Despite plenty of offensive success this year, one position hasn’t proven to be very stable at the plate. An offseason signing, an under-the-radar talent, and a defense-first catcher have led to something of a black hole behind the plate. Which leaves us to wonder, is any offense coming from the catching position?
John Ryan Murphy did have a nice offensive stretch. But his on-base percentage is under .290 for the year. Jeff Mathis has never been known for his offense. The most disappointing quantity of all, though? That’d be Alex Avila. One of the more key signings of the offseason, the hope was that Avila would bring a touch with the bat, in addition to some solid defense. He’s provided one of those things, but, as fans well know, not the other.
To say that Alex Avila has been struggling offensively would be a gross understatement. In fact, his WAR for the year, according to FanGraphs, is in the negative at -0.4. That’s due almost exclusively to his offense. Fans have been clamoring for the Snakes to move on from the veteran, with at least one area radio host (who will remain nameless) screaming every time he steps in the box.
Admittedly, it’s weird timing to write this the day after Alex Avila had his best offensive day since April. Literally. His 2-for-4 night against Pittsburgh on Thursday was his first multi-hit game since April 24th. That included a two-run homer, just his third of the year.
Avila’s offensive numbers on the year are nothing short of brutal. His slash includes a .124 average and .240 OBP. His ISO? .078. His 44.6% strikeout rate is, by far, his highest of his career. His wRC+, FanGraphs’ catch-all offensive statistic, is 28. That’s 72 points below what would be considered even “average.”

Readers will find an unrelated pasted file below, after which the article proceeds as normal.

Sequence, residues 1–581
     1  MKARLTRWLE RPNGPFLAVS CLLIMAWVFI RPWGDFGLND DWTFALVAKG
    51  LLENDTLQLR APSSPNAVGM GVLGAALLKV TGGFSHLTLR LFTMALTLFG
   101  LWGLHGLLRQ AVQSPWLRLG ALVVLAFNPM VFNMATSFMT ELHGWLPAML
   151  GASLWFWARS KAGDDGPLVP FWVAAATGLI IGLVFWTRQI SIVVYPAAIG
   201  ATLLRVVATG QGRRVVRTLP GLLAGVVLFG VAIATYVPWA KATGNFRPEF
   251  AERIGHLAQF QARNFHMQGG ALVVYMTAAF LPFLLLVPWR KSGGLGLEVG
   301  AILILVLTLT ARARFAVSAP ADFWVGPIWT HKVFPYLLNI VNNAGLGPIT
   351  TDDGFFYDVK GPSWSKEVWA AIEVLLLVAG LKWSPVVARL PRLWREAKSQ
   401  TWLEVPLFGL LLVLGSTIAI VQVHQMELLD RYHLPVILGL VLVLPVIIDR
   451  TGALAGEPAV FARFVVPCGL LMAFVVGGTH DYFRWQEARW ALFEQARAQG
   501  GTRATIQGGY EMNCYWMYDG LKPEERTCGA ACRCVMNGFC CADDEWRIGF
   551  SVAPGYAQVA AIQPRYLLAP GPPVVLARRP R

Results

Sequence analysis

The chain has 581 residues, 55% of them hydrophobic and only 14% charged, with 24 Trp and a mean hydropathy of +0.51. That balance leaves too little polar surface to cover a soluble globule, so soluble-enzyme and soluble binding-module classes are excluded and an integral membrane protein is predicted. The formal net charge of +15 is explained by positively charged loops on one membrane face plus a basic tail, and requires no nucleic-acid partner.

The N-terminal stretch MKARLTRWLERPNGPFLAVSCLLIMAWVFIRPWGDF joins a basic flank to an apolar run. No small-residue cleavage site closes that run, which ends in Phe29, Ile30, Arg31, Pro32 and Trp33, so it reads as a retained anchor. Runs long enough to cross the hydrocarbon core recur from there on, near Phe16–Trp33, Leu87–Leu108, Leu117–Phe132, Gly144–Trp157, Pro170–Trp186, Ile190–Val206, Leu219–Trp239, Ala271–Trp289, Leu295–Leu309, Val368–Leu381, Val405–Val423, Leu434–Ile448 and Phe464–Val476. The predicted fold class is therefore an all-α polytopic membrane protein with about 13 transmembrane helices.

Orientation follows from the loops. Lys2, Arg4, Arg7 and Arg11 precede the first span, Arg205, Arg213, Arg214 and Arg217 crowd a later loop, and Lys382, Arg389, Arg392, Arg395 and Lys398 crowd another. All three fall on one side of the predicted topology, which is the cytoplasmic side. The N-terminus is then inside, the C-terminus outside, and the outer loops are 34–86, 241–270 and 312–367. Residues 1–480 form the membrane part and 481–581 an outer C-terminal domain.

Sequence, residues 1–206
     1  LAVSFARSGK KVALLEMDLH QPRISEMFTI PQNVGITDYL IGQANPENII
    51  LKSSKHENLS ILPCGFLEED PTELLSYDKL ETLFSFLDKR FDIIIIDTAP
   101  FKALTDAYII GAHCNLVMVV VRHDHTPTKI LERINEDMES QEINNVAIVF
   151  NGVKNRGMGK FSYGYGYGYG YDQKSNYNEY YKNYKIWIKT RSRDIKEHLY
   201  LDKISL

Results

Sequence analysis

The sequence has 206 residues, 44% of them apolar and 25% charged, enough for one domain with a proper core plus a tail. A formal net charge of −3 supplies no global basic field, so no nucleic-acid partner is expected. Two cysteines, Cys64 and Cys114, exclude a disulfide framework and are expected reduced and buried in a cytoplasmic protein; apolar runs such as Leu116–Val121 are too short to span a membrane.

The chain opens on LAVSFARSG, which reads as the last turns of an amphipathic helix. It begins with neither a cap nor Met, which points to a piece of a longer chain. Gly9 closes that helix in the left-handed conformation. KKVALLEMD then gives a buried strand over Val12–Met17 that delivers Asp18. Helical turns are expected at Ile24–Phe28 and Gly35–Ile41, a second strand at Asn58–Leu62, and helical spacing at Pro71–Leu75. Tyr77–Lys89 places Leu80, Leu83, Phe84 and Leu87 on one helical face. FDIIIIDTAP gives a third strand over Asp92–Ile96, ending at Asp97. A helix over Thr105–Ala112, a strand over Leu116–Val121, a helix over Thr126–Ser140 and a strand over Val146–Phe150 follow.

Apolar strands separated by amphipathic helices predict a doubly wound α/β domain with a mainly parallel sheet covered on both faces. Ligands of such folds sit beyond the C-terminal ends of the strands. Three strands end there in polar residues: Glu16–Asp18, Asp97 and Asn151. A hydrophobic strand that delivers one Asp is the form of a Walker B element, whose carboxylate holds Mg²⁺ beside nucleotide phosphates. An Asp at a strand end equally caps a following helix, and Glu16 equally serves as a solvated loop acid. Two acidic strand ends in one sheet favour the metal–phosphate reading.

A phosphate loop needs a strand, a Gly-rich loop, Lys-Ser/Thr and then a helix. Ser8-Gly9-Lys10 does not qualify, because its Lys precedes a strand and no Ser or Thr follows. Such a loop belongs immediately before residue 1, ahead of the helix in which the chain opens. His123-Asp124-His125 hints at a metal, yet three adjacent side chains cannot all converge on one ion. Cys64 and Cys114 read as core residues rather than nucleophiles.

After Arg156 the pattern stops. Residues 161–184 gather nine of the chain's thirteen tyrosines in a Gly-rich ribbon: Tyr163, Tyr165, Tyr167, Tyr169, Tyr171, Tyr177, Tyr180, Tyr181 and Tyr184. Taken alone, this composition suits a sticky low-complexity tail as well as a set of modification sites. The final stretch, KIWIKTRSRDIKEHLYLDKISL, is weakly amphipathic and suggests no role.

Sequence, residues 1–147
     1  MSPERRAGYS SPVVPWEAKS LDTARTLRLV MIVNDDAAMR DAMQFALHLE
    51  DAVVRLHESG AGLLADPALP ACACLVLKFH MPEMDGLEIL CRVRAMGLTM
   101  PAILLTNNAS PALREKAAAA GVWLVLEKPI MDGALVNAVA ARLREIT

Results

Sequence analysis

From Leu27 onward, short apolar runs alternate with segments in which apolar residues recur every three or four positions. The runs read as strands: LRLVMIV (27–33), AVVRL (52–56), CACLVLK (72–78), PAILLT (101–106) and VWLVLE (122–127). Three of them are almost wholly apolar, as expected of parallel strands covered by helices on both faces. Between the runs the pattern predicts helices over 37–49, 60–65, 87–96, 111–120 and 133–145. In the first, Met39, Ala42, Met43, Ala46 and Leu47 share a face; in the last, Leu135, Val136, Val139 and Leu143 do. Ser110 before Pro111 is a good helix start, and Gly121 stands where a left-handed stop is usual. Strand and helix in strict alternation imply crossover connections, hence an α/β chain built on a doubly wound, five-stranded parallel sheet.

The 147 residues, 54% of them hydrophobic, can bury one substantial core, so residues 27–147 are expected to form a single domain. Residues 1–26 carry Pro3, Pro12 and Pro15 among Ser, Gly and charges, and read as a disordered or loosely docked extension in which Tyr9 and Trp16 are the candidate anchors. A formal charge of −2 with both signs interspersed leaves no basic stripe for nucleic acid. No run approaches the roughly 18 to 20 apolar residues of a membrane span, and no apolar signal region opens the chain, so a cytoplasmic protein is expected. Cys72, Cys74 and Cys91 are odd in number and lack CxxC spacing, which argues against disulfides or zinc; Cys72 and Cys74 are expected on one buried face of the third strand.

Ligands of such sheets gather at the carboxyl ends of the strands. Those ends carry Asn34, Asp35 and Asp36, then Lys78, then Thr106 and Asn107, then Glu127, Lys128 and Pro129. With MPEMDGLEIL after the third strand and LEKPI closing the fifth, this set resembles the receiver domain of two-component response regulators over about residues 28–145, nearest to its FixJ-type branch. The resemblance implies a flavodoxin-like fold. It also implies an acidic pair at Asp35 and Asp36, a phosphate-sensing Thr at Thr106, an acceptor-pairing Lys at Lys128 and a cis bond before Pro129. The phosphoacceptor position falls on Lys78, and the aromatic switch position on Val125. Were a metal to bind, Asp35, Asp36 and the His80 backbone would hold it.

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Now, there have been some successes for Avila. His walk rate is at 13.2%. He’s hitting the ball hard at a rate over 37%. There’s been an extreme quality of bad luck for Avila, with a .208 BABIP. At the same time, he’s only making contact about 62% of the time. So while he is running into some bad luck when he makes good contact, he isn’t making a ton of contact overall. Always the patient hitter (34% swing rate), working deep counts isn’t doing the strikeout rate any favors, either. Avila hasn’t been good, but he likely hasn’t been as overwhelmingly terrible as the numbers would indicate.
The more important thing for this staff, though, is Avila’s defense. And according to Baseball Prospectus’ catching metrics, Avila has been very good:
- Called Strikes Above Average (CSAA): 0.010 (19th)
- Errant Pitches Above Average (EPAA): -0.001 (52nd)
- Swipe Rate Above Average (SRAA): 0.002 (43rd)
- Fielding Runs Above Average (FRAA): 2.8 (19th)
That list features 96 catchers, many of which have very little big league time. So even those rankings could see Avila climb a bit higher if we adjusted the list. It’s worth nothing John Ryan Murphy and Jeff Mathis are both relatively high in each category. Avila has been really steady defensively, giving him value regardless of the low offensive output.
Because of that, it’s really difficult to throw in the towel on Alex Avila. Mathis is even more of a black hole offensively, and Murphy (despite being 27) doesn’t have a ton of big league experience to date. There’s more offensive talent than has been there. His previous seasons indicate that. He’s been above average defensively. There are some positive qualities there. Perhaps he’ll shake off some of the bad luck as the season wears on. The numbers are ugly, but Avila has been a far more valuable player than they would indicate. Hopefully the summer will begin to show that.